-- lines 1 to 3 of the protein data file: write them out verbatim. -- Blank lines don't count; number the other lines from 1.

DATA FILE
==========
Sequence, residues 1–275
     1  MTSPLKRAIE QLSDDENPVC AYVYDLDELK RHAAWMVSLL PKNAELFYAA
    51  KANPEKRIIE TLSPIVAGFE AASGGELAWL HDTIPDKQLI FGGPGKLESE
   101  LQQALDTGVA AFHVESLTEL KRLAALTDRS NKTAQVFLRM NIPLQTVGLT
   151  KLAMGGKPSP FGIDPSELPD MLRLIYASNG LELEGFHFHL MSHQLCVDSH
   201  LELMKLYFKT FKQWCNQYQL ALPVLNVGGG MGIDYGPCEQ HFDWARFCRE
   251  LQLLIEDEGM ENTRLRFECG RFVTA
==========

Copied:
Sequence, residues 1–275
     1  MTSPLKRAIE QLSDDENPVC AYVYDLDELK RHAAWMVSLL PKNAELFYAA
    51  KANPEKRIIE TLSPIVAGFE AASGGELAWL HDTIPDKQLI FGGPGKLESE